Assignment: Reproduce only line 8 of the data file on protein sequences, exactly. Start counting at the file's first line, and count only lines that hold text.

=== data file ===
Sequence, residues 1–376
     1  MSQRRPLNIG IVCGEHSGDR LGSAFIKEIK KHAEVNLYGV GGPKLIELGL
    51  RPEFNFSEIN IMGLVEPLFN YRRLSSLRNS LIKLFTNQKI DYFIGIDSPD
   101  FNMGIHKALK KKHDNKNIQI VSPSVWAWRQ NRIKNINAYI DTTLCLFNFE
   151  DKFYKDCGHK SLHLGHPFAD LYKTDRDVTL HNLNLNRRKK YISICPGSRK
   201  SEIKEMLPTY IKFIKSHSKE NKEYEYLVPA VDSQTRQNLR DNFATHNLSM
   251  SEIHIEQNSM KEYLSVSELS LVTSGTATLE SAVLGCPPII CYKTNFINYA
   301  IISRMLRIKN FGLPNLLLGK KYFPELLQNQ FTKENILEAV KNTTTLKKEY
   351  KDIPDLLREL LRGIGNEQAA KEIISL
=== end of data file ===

   301  IISRMLRIKN FGLPNLLLGK KYFPELLQNQ FTKENILEAV KNTTTLKKEY